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The COVID Vaccine

Allergic reactions have rarely been reported to both the Pfizer and Moderna mRNA vaccines against COVID. Reactions are extremely RARE and have occurred in 11 out of 1 million doses thus far. The greatest risk appears to be people who have previously reacted to injectable medications/vaccines and those with reactions to PEG/polysorbates, though knowledge is evolving and data is still being collected. People with common allergies to medications, foods, inhalants, insect venom, and latex are no more likely than the general public to have an allergic reaction to the mRNA COVID-19 vaccines.

 

Before you get your COVID-19 Vaccine:

  •  Do you have a history of a severe allergic reaction to an injectable medication (intravenous, intramuscular, or subcutaneous)?
  • Do you have a history of a severe allergic reaction to a prior vaccine?
  • Do you have a history of a severe allergic reaction to polyethylene glycol (PEG), a polysorbate or polyoxyl 35 castor oil (e.g. paclitaxel) containing injectable or vaccine?

If the answer to any of these is “Yes”, please call to make an appointment with your allergist prior to getting your vaccine.

On the day of the vaccine:

  • Bring your epi-pen if you have a history of anaphylaxis and have an epi-pen.
  • Plan to wait 30 minutes after your shot.
  • If a suspected reaction occurs, please seek treatment and make an appointment for a follow up with your allergist.

 

COVID-19 mRNA Vaccine FAQs

1. “Is there testing available to see if I am allergic to the vaccine before I get it?”

          - No, at this point testing is not available to vaccine components and is not currently recommended. That may change. The ACAAI does not endorse any testing protocol for PEG, polysorbate, or the mRNA COVID vaccines at this time because we don’t yet know the safety and predictive values of these tests.

2. “Should I pre-medicate with an antihistamine prior to my injection?”

          -At this point, there is no official recommendation for premedication, however, do take your daily medications as prescribed.

3. “If I had a reaction to the first dose, should I skip the second dose?”

          -Please make an appointment with your allergist to discuss.

4. “Can I get COVID from the mRNA vaccine?”

         -NO. The mRNA vaccines are not live vaccines and there is no way of getting COVID “from” the vaccine.

5. “What are the side effects?”

         -Common side effects range from headache, tenderness at the shot site, limited fevers, muscle aches, and mild flu-like symptoms for 1-2 days after your shot. They are mild, tolerable, and indicate a reaction to the vaccine.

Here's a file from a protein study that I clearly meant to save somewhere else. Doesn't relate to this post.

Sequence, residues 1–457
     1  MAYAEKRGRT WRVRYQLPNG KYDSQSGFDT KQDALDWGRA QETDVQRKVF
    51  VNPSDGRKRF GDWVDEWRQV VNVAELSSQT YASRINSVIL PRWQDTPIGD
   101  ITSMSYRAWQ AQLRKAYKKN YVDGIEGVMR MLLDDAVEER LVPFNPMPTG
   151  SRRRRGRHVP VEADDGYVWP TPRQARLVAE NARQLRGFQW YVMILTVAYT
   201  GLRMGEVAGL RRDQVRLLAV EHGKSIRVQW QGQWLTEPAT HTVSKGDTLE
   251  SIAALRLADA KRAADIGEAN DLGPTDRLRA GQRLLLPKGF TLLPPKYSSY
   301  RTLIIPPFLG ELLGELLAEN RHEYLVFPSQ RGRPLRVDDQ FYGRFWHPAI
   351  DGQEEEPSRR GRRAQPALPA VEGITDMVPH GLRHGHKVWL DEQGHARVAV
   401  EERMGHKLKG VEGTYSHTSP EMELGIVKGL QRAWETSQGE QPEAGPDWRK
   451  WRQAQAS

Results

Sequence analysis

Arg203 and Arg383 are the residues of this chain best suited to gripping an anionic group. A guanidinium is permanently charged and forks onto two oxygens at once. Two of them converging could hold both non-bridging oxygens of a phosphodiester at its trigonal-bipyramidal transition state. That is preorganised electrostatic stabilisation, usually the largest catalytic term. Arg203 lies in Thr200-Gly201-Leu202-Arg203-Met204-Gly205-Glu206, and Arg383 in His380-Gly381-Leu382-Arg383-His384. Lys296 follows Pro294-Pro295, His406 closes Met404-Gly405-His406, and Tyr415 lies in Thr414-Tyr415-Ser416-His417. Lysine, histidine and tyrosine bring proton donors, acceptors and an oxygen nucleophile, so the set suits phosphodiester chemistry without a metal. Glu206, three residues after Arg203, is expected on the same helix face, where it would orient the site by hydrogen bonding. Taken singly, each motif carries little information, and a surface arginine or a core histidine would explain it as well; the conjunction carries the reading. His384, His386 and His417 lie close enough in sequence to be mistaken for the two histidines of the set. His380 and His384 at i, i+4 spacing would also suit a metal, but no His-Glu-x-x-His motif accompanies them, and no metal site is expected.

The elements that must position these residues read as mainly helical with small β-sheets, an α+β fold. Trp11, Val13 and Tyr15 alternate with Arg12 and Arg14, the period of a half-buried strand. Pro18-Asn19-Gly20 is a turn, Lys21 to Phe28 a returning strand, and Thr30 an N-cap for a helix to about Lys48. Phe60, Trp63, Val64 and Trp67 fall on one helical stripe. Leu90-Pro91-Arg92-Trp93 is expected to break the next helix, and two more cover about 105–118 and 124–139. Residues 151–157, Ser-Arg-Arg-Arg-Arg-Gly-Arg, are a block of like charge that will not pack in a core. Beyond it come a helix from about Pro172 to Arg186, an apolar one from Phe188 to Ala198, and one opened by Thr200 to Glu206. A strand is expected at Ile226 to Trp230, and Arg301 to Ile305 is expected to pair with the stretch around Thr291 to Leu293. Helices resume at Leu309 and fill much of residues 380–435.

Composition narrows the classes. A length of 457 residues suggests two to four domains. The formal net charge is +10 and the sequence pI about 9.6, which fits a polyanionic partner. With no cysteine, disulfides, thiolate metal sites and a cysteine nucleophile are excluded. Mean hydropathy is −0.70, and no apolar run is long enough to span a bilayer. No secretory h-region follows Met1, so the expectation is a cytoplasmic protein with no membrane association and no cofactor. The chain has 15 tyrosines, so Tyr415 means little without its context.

6. “Can I go without a mask and gather indoors once I am vaccinated?”

        -NO. You can still be an asymptomatic carrier and infect others even after vaccinated. Please continue to mask and distance as per CDC recommendations.

7. “How long until I am immune?”

        -Studies demonstrated partial immunity 10 days following the 1st dose and more robust immunity 2 weeks following the second dose of the vaccine.

8. “Are you all vaccinated?

        -YES! The doctors and staff at South Bay Allergy are believers in science and received our vaccines as soon as they were available in December and January. Please ask us about our experiences, we would be happy to share our thoughts!

 

COVID Vaccination priority list:

Per Santa Clara County, the following groups may be vaccinated.
Please note that patients with allergies, asthma (not on oxygen), and immune deficiencies are NOT included at the current time. South Bay Allergy doctors and staff are currently unable to provide documentation for vaccine prioritization. Please refer to county guidelines or contact your primary care physician with any questions about your eligibility for the vaccine. We hope that all of our patients are able to receive the COVID vaccine as soon as possible!

 

Vaccine Prioritization (as vaccine supply allows)

  1. Currently vaccines may be distributed to populations identified in Phase 1A and Phase 1B, Tier 1.
  2. Beginning March 15, healthcare providers may use their clinical judgement to vaccinate individuals age 16-64 who are deemed to be at the very highest risk for morbidity and mortality from COVID-19 as a direct result of one or more of the following severe health conditions, and individuals in specified settings are eligible to be vaccinated due to increased risk, as specified in this provider bulletin:
    • Cancer, current with debilitated or immunocompromised state
    • Chronic kidney disease, stage 4 or above
    • Chronic pulmonary disease, oxygen dependent
    • Down syndrome
    • Immunocompromised state (weakened immune system) from solid organ transplant
    • Pregnancy
    • Sickle cell disease
    • Heart conditions, such as heart failure, coronary artery disease, or cardiomyopathies (excludes hypertension)
    • Severe obesity (Body Mass Index ≥ 40 kg/m2)
    • Type 2 diabetes mellitus with hemoglobin A1c level greater than 7.5%
      Or
    • Individuals with developmental or other severe disabilities or illness
    • Individuals who live or work in a high risk congregate residential setting
    • Public transit workers
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